On Tuesday, the net-wielding Master Naturalists accompanying Pauley and Watson into salamander country at Kanawha State Forest, began to produce finds within minutes after arriving at the pond along Spotted Salamander Trail.
“These are four-toed salamander eggs,” Pauley said, as a cluster of whitish spheres,which on close inspection turned out to be developing embryos, encompassed in clear gelatinous orbs was pulled from the edge of the pond in a net. “They’re the smallest salamander in the state,” he said.
“That’s a good find,” Pauley said, as he examined the contents of another net that contained a marbled salamander, a black and white banded amphibian that breeds in the fall. Another net produced a red-spotted newt, one of state’s most common salamanders.
As the group left the pond and walked to the mouth of Polly Hollow, Pauley stopped to take in a high-pitched, melodic sound coming from a puddle along a dirt road. “That’s a nice chorus coming from a group of mountain chorus frogs,” he said.
As darkness descended on the forest and thunder rumbled in the distance, Master Naturalists continued to pull specimens from a tributary of Davis Creek. As Pauley identified eggs attached to the bottom of a large creek rock as those produced by a two-lined salamander, Master Naturalists used flashlights and headlamps to scan the creek for more salamanders. After several near misses, a northern dusky, a Kentucky spring salamander and a seal salamander were captured.
“This one will eventually double in size,” Pauley said, holding a young spring salamander, which can reach eight inches in length as an adult. The seal salamander gets its name from the miniature seal-like profile it projects while sitting atop a rock, feeding on flying insects. Dusky salamanders, he said, are commonly used as bass bait by anglers.
Tuesday’s salamander foray in Kanawha State Forest was the field work component of a Master Naturalist class on amphibians that Pauley taught several weeks ago.
“People in the Master Naturalist program tend to develop a deep interest in nature that I hope will be used to influence friends and relatives,” Pauley said.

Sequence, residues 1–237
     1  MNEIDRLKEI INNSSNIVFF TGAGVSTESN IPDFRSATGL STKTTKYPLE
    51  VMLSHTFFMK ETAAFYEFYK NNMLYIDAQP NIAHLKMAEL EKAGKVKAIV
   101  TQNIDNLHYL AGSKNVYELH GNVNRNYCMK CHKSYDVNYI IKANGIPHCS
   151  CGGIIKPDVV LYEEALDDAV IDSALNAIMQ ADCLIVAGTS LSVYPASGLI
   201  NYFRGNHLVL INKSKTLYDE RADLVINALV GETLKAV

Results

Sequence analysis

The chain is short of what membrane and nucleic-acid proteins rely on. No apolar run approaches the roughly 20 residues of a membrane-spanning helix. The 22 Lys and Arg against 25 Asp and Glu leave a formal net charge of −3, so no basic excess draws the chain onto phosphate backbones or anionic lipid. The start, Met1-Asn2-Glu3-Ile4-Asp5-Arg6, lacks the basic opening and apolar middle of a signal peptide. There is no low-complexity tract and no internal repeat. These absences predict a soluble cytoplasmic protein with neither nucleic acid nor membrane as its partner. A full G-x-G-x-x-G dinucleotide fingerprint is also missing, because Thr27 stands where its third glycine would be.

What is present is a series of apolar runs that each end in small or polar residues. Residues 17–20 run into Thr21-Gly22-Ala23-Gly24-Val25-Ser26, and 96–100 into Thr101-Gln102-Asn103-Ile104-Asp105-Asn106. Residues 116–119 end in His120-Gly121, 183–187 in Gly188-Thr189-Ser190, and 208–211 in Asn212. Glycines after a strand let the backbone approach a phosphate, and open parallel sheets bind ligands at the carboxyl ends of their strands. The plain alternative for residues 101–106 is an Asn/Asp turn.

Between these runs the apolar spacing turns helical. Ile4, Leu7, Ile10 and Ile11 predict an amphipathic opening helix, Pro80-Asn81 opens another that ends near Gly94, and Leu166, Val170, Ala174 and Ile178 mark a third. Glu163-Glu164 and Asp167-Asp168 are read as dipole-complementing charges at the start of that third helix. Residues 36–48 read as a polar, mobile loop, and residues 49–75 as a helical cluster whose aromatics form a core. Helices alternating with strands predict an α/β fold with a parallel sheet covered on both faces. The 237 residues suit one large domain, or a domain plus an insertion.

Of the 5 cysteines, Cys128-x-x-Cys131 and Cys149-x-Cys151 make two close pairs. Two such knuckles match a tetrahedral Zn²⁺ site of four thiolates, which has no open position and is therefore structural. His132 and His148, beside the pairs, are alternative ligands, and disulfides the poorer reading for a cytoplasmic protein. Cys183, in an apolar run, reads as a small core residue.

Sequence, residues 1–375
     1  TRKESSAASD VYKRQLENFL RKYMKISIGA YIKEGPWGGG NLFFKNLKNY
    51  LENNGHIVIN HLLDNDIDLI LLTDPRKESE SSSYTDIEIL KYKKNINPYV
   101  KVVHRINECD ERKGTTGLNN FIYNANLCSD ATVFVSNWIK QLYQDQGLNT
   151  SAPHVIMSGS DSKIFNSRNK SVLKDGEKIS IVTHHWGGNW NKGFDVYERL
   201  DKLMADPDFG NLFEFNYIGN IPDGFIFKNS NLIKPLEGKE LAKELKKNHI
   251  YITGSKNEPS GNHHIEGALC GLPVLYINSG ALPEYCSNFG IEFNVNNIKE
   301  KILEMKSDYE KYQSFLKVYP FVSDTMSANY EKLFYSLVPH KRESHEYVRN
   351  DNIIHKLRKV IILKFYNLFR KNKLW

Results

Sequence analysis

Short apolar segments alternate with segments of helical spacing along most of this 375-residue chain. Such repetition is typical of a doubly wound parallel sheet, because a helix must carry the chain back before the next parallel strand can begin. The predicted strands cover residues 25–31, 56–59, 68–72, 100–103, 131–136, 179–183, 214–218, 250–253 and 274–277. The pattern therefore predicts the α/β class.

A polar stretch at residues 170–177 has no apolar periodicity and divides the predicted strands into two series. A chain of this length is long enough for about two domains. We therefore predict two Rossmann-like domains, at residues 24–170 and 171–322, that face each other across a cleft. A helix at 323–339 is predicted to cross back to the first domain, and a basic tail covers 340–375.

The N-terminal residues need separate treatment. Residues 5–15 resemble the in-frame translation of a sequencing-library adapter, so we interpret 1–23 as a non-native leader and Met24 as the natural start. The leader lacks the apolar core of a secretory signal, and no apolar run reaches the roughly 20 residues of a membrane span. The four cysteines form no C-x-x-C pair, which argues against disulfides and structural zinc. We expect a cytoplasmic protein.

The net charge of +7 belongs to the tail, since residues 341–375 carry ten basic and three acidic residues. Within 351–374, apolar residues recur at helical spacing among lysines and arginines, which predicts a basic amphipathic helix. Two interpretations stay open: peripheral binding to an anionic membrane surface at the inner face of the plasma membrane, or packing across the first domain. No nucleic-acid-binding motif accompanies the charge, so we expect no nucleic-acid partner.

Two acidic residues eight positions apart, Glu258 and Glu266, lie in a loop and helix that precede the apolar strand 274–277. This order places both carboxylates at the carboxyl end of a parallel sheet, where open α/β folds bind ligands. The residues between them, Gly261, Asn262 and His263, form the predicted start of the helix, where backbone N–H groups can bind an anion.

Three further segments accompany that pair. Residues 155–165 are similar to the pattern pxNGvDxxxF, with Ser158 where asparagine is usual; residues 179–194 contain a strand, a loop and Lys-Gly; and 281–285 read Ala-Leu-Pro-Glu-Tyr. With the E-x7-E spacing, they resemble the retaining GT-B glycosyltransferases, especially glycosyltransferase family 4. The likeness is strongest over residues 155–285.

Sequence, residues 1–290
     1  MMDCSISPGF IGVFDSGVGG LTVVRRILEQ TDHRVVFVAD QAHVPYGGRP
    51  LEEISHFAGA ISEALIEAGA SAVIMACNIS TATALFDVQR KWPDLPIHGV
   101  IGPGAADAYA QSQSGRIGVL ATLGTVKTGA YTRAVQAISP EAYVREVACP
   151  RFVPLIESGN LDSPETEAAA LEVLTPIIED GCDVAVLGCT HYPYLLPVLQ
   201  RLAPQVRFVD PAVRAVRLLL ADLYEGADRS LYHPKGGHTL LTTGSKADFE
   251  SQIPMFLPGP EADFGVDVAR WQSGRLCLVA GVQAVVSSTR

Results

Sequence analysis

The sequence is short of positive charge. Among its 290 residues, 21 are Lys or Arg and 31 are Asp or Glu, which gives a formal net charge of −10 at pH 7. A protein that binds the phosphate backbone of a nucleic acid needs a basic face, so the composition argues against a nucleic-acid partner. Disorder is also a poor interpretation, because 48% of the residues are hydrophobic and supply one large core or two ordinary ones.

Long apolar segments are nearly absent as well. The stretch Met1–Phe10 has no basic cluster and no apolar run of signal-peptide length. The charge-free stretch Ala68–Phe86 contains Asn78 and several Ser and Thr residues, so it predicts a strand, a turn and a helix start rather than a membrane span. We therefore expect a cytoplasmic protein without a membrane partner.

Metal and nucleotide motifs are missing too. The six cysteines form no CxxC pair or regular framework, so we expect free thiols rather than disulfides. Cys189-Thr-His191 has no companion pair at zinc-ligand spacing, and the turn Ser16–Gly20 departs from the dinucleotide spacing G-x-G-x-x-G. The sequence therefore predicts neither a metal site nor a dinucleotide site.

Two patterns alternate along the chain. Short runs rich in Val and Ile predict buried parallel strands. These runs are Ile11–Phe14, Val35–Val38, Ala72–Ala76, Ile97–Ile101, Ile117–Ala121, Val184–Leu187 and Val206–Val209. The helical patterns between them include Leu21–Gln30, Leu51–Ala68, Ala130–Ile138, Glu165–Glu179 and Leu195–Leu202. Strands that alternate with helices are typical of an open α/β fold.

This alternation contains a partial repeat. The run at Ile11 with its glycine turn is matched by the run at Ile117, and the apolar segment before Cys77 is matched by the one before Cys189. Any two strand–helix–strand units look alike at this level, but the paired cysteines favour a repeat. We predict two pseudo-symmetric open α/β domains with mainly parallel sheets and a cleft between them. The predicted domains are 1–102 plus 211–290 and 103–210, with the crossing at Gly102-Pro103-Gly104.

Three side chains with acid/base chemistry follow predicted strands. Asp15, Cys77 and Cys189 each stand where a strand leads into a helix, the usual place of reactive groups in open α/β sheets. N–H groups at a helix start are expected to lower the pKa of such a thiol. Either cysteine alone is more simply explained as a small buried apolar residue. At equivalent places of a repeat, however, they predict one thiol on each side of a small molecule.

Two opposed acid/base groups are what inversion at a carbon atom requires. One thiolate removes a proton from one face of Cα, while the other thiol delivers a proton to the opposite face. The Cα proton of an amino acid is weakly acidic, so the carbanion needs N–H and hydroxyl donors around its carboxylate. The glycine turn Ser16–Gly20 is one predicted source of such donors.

Though retired from Marshall, Pauley continues to conduct surveys for Cheat Mountain salamanders and other amphibian and reptile species for the U.S. Forest Service and other clients across the state.
“I feel very blessed to have walked hundreds of miles from the New River Gorge to Blackwater Canyon to look for them,”he said. “It’s been a wonderful experience.”
As that experience continues for Pauley into his 70s, there could be added benefits. “You don’t know what’s lurking out there,” he said. “I suspect there are species out there yet to be found.”
West Virginia’s Master Naturalist program is open to anyone with an interest in nature and a willingness to learn more about it. There are no educational requirements needed to qualify for the program. To become certified as a West Virginia Master Naturalist, candidates must complete 64 hours of formal classroom and field work, and complete 30 hours of approved volunteer service. Due to scheduling issues and instructor availability, it often takes two or more years to complete the coursework and volunteer service. The next class cycle starts in October.There are currently 11 Master Naturalist chapters in West Virginia, including one in Kanawha County.For more information or to register, visit www.mnofwv.org, send an email to firstname.lastname@example.org, or call state Master Naturalist coordinator Penny Miller at 304-243-4027.In Kanawha County, prospective students can register with Carolyn Barker at email@example.com.
Reach Rick Steelhammer at firstname.lastname@example.org or 304-348-5169.